Chase and others involved in the project are going to start holding equity share meetings next month.
In a separate project, Chase is still developing a Webisode called Marshfield. The series is expected to be a mix of Twin Peaks and the French version of The Returned.
“It's about high school kids and is based around local area stories,” she said. “It will focus a lot on local Native American traditions, following a group of teens who are trying to figure out why so many murders are happening and why they can't go into the fog.”
The series is a horror/thriller, one she hopes to film at the Marshfield High School campus.
“I need to put out good vibes to Superintendent Bryan Trendell,” she laughed. “Ultimately with that project I'm hoping to help get a film club started at the high school where we can train locals on industry skills.”
In her efforts to build Coos County up as an area for film making moguls, she has linked arms with the new recording studio owned by David Ford and Vinnie Cavarra. The Inner Sanctum is almost finished being built over 7 Devils Brewery, set up with top notch studio sound equipment.
“We have been thinking about opening this studio up for five years,” Cavarra said, a hair metal rocker from San Diego who toured the country with his music. He is a member of the local band Toys, which was named number one area band by The World last year. He produced an album in the 1980s with the band Assassin and has worked for decades to help other musicians record their own music so it could be shared.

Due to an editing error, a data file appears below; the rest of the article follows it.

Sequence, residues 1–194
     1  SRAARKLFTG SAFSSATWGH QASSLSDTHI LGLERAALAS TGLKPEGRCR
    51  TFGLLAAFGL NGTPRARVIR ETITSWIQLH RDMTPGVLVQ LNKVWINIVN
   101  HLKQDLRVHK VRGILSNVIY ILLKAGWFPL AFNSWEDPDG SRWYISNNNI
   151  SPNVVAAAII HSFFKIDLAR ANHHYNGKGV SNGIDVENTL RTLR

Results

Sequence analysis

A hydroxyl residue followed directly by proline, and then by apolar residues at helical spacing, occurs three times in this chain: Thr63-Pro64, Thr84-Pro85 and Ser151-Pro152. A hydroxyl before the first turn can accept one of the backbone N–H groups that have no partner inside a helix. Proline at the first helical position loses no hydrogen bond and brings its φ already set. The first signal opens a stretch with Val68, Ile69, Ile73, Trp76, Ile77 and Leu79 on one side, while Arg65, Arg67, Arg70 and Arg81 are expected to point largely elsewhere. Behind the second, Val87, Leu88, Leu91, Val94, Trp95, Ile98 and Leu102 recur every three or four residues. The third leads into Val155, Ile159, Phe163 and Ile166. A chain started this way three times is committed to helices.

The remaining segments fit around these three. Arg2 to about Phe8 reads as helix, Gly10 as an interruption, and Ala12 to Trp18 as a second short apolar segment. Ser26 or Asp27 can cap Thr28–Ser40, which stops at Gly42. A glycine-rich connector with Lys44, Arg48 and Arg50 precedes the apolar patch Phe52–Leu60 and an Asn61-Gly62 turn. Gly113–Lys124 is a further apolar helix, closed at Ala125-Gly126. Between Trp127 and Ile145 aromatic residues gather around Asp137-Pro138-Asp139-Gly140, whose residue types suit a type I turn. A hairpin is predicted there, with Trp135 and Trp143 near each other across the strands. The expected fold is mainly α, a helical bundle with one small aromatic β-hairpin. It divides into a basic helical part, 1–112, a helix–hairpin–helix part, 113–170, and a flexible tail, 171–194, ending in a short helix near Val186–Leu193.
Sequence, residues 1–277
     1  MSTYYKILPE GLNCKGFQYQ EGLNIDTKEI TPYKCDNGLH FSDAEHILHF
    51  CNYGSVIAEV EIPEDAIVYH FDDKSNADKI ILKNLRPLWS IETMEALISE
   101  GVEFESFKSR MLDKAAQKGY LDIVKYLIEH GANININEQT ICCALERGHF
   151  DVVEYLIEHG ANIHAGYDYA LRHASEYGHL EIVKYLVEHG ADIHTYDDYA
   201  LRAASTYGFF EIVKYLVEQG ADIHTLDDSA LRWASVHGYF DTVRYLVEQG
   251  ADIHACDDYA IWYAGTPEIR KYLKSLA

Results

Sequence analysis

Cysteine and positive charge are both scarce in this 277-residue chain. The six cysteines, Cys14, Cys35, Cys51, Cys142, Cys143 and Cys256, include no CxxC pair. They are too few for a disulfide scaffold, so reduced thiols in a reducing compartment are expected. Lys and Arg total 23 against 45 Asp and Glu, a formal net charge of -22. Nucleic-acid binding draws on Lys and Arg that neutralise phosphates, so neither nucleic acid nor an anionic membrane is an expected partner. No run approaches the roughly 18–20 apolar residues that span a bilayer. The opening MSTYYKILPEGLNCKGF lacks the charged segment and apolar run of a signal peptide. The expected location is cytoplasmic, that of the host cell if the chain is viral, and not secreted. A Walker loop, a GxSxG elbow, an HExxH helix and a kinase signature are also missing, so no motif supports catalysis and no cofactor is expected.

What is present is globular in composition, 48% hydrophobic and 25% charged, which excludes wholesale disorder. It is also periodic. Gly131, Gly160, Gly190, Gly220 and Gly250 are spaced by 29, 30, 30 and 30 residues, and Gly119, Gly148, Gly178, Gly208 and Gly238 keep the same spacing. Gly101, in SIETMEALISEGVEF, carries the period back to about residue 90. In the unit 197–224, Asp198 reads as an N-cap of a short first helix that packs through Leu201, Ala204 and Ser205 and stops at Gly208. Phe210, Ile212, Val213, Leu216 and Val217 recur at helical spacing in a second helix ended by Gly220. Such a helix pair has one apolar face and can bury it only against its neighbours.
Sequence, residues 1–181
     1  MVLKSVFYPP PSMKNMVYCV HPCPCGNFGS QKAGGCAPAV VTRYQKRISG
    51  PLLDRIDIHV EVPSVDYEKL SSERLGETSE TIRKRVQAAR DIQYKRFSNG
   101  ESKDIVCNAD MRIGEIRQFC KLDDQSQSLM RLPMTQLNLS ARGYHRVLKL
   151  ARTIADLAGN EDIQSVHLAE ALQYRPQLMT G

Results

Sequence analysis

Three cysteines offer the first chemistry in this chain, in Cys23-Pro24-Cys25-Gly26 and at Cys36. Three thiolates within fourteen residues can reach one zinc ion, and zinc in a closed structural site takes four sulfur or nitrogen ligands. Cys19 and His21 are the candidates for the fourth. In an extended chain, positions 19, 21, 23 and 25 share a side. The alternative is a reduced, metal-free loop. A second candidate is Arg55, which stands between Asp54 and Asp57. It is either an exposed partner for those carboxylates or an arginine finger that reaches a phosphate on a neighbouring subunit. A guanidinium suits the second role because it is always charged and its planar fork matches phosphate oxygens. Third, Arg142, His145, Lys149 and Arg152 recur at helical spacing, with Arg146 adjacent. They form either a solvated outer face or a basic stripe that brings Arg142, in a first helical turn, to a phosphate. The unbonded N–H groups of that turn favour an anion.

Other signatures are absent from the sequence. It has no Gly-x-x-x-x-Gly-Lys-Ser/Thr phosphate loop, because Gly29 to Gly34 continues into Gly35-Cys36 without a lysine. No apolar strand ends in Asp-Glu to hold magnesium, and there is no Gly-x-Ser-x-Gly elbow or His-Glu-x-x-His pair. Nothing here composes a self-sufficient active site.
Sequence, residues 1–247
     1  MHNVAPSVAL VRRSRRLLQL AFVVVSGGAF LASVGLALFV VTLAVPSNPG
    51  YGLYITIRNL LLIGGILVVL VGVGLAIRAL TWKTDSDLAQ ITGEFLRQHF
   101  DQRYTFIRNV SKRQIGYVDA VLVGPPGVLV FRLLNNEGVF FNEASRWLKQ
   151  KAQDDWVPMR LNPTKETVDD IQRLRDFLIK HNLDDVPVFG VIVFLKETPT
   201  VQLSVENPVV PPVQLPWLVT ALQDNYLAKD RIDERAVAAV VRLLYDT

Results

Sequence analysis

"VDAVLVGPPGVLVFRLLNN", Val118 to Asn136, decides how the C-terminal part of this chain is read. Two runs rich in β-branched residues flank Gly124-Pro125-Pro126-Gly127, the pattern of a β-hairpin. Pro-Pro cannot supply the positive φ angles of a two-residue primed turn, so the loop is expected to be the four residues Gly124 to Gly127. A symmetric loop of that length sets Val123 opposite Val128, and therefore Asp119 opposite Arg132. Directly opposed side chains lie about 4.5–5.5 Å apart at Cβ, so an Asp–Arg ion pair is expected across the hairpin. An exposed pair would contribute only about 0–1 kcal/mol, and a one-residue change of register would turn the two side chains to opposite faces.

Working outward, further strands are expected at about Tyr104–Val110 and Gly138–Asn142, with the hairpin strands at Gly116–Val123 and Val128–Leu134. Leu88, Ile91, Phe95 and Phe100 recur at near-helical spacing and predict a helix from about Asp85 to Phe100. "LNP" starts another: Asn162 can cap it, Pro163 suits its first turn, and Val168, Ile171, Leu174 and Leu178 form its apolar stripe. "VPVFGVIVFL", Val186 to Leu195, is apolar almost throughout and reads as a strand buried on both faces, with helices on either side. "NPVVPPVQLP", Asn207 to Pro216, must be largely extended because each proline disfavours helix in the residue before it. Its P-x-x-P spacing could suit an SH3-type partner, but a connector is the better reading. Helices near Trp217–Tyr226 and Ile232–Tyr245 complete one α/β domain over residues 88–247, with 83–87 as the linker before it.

Cavarra is the co-owner and studio engineer/production for the Inner Sanctum Studio, and though he and Ford want to use their new business to have bands record their music, they also hope to expand their clientele through their relationship with Chase.
“For her, I can see advantages for keeping production in-house,” Cavarra said. “If it isn't kept in the area, there can be a lot of logistical issues that come up. We made sure to get the best equipment you can get and have software like Pro Tools, the defacto audio recording program in all major recording houses, the board, the dock, all the monitor speakers are top notch. There's nothing really like this in a good 400 mile radius.”
Inner Sanctum Studios, which is slated to be finished with construction and open for business in September, hopes to work with Chase during post-production and audio work.
“Barri's connections will be nice for the area and her energy is infectious, which is part of why I want to work for her,” Cavarra said. “She has a desire to do something for the area as a result of her work here.”
Inner Sanctum Studios already have bands and singers lined up to record with them, including names from out of town and into the Los Angeles, California area. Because the studio is above one of the most popular restaurants in Coos Bay, Cavarra and Ford made sure the studio floats off the floor with plastic sound proof products. Inside of the studio, the walls are separated by the same material, making it feel not only professional, but comfortable. The studio is complete with a shower for traveling musicians, waiting room, and balcony.
Inside the studio, they have Iso Room 1, where musicians like a drummer can record without being picked up by other microphones. There is a vocal booth, padded with sound absorption, and a gear room.
The gear room sets the studio apart from others, offering clients the opportunity to pick and choose instruments they might want to add into their songs.
“This is a comfortable area where creative people can relax and create, and if they are old enough they can go downstairs for a beer,” Cavarra said.